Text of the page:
This week, I’ve been taking a closer look at the courage of Deborah, a prophetess who was one of the judges of Israel before they had kings to rule over them. Judges 4:5 tells us that she sat under the palm tree of Deborah, where the people of Israel sought her out to settle their disputes.
Deborah had the courage to take on a nontraditional career for a woman in a patriarchal society, and her faith and courage were contagious. When she told a man named Barak that God intended for him to lead the Israelites to victory against an oppressive king, Barak refused to go into the battle unless Deborah came with him. He needed her courage. While Barak lacked courage and complete trust in God’s message, Deborah fully believed, and her belief filled her with courage. Her courage to accompany Barak brought victory to Israel and peace for 40 years. (For more of their story, check out Judges 4-5.)
Modern day courage
Of course, I haven’t only been concentrating on Deborah’s story this week. The Olympic torch and anthem beckon, and though my beloved track and field events don’t start until Friday, I’m glued to the TV and internet more than usual these days.
I admire the competitors’ courage to compete on this global stage, their courage to transform their hopes and dreams and sacrifices into reality at these games, and their courage to face harsh questions if they fall short of their goals. Show of hands: How many of you would be brave enough to face the other end of Andrea Kremer’s microphone at the London Aquatics Centre?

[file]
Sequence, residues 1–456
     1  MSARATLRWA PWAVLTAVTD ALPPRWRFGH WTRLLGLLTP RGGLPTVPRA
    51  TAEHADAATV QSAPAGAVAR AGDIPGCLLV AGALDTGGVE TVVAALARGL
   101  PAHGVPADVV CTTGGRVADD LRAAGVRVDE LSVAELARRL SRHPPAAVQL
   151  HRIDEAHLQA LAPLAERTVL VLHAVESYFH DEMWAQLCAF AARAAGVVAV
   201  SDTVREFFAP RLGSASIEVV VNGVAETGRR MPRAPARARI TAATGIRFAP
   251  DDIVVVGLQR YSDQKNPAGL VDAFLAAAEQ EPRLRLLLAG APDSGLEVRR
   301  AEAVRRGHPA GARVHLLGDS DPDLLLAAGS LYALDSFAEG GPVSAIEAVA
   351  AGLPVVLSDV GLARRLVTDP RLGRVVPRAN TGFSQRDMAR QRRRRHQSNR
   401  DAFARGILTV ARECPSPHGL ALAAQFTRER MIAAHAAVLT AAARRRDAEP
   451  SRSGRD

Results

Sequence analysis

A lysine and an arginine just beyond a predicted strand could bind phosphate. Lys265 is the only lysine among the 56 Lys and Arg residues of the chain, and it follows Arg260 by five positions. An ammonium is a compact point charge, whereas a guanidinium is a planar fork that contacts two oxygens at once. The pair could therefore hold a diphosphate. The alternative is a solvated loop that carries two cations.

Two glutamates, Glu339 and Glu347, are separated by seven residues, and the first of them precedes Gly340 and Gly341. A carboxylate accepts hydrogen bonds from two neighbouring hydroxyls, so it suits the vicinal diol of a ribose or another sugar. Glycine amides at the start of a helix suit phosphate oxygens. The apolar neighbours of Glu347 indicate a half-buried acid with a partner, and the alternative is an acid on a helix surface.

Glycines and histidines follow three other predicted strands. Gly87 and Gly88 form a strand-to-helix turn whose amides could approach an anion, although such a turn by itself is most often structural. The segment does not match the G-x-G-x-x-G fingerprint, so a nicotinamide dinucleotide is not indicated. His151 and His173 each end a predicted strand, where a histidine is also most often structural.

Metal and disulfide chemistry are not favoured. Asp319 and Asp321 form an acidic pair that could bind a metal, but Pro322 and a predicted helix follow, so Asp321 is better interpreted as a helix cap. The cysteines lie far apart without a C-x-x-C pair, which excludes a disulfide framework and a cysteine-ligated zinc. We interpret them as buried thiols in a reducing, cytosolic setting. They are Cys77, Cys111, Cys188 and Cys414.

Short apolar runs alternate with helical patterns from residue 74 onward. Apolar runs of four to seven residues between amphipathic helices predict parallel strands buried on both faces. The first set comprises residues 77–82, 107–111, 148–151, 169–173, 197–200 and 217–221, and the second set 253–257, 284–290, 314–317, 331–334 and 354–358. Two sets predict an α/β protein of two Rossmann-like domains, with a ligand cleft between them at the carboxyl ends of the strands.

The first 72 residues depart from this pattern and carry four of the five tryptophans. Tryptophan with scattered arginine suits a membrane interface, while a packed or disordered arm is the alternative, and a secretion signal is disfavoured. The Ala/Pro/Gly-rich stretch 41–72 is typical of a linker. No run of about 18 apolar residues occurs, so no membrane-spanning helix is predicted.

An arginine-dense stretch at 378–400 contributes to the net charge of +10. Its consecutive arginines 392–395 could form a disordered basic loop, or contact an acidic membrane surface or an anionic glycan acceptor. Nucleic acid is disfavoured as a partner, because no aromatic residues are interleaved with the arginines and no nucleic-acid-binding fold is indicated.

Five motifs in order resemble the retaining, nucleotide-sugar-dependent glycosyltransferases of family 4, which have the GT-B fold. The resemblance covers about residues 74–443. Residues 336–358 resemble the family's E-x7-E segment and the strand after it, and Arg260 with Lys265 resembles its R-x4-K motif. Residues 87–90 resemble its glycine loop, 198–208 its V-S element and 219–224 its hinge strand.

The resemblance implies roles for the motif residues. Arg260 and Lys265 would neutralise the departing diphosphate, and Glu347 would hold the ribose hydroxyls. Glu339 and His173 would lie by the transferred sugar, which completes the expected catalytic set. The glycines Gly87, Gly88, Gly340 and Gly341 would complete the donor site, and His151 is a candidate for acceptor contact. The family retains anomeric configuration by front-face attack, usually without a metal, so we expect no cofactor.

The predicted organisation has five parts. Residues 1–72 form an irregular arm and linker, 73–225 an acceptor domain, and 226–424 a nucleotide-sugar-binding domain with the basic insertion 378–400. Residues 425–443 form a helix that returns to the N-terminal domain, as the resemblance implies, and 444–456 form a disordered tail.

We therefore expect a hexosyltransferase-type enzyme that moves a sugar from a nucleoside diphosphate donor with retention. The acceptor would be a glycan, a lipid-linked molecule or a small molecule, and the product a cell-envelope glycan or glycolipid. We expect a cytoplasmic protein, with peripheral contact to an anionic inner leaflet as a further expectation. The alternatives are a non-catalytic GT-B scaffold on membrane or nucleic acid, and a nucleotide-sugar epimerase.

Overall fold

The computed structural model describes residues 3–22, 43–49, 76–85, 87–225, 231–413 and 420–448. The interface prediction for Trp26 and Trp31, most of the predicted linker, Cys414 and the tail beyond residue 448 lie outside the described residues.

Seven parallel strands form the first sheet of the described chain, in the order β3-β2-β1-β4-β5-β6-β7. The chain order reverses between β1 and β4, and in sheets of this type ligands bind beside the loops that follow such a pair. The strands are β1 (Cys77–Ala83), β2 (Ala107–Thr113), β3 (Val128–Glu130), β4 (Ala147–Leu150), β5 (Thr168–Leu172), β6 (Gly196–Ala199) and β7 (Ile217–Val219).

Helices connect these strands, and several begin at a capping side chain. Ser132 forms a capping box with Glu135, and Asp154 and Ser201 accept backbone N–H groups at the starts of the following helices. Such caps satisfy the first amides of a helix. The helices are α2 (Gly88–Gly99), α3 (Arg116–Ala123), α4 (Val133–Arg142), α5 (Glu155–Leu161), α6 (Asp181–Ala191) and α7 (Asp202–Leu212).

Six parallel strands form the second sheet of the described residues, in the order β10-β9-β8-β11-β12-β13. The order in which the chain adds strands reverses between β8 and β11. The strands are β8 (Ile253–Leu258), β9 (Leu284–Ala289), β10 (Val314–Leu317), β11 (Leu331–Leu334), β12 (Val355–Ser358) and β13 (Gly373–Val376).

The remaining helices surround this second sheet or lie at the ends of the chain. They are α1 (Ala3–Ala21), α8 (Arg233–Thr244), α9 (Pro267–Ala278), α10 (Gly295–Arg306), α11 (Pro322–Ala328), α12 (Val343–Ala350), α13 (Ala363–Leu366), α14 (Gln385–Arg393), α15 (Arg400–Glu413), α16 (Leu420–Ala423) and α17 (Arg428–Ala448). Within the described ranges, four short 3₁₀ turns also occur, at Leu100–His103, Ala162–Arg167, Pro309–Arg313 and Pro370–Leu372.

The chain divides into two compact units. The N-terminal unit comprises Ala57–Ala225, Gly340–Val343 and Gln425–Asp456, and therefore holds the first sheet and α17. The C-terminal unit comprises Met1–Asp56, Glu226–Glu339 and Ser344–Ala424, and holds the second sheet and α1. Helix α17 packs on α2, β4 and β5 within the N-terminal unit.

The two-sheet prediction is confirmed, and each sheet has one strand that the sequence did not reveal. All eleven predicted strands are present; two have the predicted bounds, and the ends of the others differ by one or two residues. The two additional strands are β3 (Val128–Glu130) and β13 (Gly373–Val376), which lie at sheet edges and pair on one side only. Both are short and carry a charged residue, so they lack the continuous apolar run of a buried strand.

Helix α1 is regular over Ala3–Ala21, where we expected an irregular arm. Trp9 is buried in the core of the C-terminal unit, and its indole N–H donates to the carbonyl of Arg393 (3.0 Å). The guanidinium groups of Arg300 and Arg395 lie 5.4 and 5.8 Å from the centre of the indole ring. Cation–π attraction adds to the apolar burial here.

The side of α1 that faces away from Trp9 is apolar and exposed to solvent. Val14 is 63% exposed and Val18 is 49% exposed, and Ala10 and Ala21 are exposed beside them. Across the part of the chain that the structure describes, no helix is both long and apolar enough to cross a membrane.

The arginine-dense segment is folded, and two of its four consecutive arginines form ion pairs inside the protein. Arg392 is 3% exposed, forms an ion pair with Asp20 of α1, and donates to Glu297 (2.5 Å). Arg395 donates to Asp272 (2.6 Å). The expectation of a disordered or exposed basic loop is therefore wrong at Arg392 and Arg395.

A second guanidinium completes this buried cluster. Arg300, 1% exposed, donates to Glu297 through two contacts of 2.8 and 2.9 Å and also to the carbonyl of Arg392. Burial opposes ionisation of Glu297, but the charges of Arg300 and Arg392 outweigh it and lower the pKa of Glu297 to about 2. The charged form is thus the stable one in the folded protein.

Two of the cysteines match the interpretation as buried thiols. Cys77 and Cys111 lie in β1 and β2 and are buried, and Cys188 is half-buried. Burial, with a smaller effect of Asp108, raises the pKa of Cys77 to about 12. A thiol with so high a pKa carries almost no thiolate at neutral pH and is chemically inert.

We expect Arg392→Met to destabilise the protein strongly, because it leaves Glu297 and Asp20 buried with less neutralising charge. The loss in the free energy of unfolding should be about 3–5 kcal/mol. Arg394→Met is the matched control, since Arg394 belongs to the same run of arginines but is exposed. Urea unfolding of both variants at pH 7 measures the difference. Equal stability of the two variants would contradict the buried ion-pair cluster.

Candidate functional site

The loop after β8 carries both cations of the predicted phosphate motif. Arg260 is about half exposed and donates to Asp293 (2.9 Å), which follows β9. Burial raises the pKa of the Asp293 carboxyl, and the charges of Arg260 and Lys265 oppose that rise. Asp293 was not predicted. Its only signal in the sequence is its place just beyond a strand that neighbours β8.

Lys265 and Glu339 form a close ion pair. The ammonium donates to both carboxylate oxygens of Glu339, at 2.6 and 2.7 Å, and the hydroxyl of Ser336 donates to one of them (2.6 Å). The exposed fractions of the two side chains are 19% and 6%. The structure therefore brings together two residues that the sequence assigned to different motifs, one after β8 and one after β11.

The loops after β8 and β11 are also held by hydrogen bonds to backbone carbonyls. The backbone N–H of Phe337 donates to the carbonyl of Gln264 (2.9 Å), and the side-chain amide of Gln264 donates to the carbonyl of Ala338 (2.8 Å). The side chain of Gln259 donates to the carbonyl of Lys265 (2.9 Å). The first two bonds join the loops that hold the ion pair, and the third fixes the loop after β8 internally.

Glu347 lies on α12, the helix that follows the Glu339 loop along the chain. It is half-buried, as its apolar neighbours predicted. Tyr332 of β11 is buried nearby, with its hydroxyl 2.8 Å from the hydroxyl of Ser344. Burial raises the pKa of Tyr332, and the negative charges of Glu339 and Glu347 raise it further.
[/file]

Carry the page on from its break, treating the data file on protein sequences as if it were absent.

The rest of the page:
The courage of professing faith
There’s another test of courage going on during the games, and that’s the courage of faith. Faith can be a deeply personal experience, and there are competitors who have a strong faith in God but who won’t display their faith openly. There are others, though, who feel called to put their faith story out in the open. Whether quiet or loud, competitors may find their faith tested at the Olympics.
Today, I’d like to share with you some stories of Olympians’ courageous faith as they give God the glory for their abilities and try to witness to an oftentimes skeptical public about the joy and peace their faith gives them, even if the gold medal doesn’t come their way.Archery is one of my favorite Olympic events outside of track, probably because it was one of the few things I was ever remotely good at doing during summer camp. I was abysmal at tennis, swam only well enough not to drown, and called my equestrian hopes quits after three weeks with a painfully bouncy retired racehorse named “Go Boy.” But put a target in front of me and a bow and arrow in my hands, and I could actually hold my own.